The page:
faucet design. Friday , February 23rd , 2018 - 16:34:40 PM
If a cat touches your touch sensitive faucet, it will, most likely, be too long a contact for the faucet to turn on. A canary landing on the faucet won′t activate it either. Well, how likely is a situation when your kitten would be sitting there and touching the faucet with its paw? Situations of this kind are extremely unlikely to happen. But even if they do once in a while, a good faucet has a built-in system that turns the water off automatically after a certain period of inactivity. It is usually configured somewhere between 3 and 5 minutes. So even if the faucet gets turned on by some unusual circumstance, the loss from that will be rather insignificant.
One of the first things to know before shopping for a faucet is your hole configuration. Most sinks come with holes drilled to receive the faucet and sometimes accessories such as a sprayer, soap dispenser, hot beverage or filtered water faucet. One hole sinks are for single-control faucets, three hole are for single-control faucets with a sprayer and/or accessories and four holes are for single-control or two-handle sinks with various accessories. If you have an under-mount or apron front sink the holes are drilled into the countertop behind the sink.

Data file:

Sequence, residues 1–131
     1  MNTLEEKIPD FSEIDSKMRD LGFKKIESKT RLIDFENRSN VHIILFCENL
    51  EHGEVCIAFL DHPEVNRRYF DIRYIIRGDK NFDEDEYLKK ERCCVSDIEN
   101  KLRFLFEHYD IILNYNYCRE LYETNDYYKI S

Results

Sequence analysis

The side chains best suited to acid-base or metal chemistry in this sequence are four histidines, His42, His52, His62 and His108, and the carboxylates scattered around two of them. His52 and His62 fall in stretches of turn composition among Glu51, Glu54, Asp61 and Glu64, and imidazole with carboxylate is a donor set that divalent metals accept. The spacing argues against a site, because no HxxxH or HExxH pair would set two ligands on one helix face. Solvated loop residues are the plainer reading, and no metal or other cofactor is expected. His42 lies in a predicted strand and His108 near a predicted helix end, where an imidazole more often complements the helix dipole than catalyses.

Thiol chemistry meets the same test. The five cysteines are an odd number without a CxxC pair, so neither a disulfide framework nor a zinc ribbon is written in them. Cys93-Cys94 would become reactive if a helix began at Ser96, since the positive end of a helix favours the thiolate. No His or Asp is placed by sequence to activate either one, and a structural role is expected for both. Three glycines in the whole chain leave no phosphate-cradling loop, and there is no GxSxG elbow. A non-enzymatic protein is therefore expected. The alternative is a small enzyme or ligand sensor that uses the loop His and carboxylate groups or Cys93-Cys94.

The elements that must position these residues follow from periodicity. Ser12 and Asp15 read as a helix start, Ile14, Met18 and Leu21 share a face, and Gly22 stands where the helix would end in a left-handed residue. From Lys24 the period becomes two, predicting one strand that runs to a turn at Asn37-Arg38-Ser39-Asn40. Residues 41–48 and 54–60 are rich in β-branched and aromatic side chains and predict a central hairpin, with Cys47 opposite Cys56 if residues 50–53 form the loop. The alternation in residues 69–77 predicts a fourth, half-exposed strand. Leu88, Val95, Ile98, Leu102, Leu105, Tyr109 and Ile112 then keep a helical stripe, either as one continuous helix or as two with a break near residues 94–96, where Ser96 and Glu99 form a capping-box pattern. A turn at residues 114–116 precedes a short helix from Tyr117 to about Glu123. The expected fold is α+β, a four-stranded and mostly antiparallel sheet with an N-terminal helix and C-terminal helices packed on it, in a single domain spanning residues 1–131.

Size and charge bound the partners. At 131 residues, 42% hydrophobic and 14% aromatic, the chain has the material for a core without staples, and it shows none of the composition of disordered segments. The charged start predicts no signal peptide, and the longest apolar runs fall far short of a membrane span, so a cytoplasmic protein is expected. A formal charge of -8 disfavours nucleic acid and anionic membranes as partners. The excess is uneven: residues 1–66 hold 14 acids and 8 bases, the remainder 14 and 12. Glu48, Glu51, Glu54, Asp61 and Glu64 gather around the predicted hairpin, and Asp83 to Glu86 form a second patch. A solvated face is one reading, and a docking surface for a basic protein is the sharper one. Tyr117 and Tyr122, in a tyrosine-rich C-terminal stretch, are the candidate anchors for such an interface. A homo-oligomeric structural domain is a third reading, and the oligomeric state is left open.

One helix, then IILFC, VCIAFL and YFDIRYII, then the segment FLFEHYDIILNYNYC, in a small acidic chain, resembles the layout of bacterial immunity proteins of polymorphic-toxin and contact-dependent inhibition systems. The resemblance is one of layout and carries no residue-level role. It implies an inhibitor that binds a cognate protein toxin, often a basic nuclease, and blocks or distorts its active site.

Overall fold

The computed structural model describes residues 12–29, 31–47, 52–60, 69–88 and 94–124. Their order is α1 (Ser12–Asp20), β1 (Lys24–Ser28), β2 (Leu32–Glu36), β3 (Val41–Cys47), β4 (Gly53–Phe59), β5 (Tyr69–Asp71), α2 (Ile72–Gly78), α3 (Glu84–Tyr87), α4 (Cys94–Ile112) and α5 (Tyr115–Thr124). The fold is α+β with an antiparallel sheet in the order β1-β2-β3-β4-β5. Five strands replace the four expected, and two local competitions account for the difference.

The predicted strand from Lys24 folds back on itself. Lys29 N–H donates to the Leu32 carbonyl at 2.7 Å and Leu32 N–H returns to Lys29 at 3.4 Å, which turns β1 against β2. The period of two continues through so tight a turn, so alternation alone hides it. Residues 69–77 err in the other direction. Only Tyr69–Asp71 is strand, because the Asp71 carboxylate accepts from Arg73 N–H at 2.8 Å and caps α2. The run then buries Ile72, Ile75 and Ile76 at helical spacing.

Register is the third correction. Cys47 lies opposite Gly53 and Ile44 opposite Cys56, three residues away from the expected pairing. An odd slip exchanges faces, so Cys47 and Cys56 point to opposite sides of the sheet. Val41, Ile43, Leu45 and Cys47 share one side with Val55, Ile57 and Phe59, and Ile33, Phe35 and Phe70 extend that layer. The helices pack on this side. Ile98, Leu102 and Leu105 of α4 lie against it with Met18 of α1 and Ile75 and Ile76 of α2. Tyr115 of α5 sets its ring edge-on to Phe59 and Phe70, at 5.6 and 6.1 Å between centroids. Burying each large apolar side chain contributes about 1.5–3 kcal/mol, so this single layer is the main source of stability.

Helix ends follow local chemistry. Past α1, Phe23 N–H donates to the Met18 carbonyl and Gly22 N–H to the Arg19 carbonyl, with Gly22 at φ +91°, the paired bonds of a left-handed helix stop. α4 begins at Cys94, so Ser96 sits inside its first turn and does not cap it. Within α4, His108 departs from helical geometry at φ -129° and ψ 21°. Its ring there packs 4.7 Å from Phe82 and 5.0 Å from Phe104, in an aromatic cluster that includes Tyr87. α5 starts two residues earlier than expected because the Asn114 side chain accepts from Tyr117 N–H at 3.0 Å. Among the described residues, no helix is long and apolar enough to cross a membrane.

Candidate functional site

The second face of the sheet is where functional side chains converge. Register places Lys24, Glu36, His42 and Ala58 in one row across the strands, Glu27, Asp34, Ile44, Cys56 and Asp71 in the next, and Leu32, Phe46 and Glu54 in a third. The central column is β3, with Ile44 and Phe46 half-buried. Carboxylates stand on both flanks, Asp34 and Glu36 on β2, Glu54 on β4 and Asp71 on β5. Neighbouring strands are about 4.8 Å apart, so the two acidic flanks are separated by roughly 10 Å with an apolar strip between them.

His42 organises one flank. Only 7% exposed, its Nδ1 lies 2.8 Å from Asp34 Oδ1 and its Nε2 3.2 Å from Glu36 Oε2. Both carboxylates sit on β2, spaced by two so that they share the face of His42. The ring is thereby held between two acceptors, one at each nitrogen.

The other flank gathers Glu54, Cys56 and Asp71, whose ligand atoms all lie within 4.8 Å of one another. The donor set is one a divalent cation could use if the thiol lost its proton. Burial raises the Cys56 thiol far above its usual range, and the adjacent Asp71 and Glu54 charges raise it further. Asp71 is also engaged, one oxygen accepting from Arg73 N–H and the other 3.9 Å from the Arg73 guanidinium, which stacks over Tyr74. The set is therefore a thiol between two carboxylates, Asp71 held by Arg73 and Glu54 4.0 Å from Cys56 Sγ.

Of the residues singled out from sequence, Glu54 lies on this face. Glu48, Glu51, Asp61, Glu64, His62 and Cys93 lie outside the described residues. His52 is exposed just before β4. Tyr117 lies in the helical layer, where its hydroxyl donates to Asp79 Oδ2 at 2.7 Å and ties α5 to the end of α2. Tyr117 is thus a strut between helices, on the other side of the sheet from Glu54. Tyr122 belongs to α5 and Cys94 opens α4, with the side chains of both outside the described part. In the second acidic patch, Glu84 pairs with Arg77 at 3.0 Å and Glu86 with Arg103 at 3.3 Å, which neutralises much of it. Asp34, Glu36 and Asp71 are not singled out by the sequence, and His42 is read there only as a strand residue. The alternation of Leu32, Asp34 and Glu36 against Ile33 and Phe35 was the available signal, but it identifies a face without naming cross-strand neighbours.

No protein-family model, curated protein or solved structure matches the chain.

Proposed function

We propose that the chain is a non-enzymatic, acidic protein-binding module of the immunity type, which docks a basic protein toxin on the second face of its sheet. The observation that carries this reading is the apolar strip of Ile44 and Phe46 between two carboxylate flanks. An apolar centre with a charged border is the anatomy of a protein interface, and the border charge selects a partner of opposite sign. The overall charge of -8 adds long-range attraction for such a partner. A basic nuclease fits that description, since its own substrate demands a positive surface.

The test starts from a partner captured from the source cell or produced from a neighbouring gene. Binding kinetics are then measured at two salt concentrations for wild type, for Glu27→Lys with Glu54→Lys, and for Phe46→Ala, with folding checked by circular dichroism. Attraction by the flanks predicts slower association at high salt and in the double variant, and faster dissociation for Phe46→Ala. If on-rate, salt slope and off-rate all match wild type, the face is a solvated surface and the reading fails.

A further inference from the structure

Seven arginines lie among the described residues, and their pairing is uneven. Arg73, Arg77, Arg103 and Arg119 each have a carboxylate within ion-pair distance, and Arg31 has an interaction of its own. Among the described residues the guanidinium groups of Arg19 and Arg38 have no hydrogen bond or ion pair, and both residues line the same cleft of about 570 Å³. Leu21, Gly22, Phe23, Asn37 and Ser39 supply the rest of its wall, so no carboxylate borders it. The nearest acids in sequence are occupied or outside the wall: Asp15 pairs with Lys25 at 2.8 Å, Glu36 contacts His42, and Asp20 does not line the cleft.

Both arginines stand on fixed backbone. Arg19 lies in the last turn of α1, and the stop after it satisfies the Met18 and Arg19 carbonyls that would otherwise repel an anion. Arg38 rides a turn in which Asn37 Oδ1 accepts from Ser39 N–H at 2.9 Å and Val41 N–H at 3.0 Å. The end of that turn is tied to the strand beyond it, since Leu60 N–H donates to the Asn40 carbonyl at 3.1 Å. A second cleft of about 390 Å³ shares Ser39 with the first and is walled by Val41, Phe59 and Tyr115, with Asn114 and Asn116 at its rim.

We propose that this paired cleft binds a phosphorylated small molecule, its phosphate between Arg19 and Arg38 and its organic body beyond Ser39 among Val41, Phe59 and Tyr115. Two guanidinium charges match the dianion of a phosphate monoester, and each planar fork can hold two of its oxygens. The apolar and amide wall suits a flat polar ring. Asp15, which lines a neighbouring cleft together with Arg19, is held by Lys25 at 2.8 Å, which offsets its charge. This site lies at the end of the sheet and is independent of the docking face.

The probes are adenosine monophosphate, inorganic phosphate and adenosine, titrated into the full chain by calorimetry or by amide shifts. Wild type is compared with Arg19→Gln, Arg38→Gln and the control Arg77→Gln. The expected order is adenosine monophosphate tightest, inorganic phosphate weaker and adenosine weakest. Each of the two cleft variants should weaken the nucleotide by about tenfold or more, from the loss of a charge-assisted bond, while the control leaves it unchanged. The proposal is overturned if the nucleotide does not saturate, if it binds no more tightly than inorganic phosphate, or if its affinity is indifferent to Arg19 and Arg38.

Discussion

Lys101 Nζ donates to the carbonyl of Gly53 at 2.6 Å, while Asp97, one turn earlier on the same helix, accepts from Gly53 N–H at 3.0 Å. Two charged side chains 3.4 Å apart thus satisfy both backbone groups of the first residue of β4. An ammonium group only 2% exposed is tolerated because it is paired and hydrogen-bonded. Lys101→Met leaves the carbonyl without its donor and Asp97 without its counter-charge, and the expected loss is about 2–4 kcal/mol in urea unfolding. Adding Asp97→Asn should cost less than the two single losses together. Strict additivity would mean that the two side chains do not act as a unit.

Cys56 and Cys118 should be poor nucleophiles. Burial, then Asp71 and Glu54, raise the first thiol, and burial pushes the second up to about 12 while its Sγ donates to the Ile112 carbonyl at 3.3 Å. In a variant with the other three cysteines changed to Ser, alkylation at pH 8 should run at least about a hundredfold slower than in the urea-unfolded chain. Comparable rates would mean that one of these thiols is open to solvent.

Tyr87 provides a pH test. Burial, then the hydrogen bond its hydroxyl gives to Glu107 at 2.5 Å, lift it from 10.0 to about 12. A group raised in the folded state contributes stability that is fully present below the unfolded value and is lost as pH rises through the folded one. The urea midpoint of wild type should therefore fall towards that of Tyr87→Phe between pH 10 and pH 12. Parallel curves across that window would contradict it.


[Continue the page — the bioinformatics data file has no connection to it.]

But do these fears have substance? Haven′t the engineers and designers of the best touch sensitive kitchen faucets anticipated these situations? Do we still have to deny ourselves the liberating feeling of operation with a touch and choose a more basic faucet only because we are not sure it will live up to the expectations?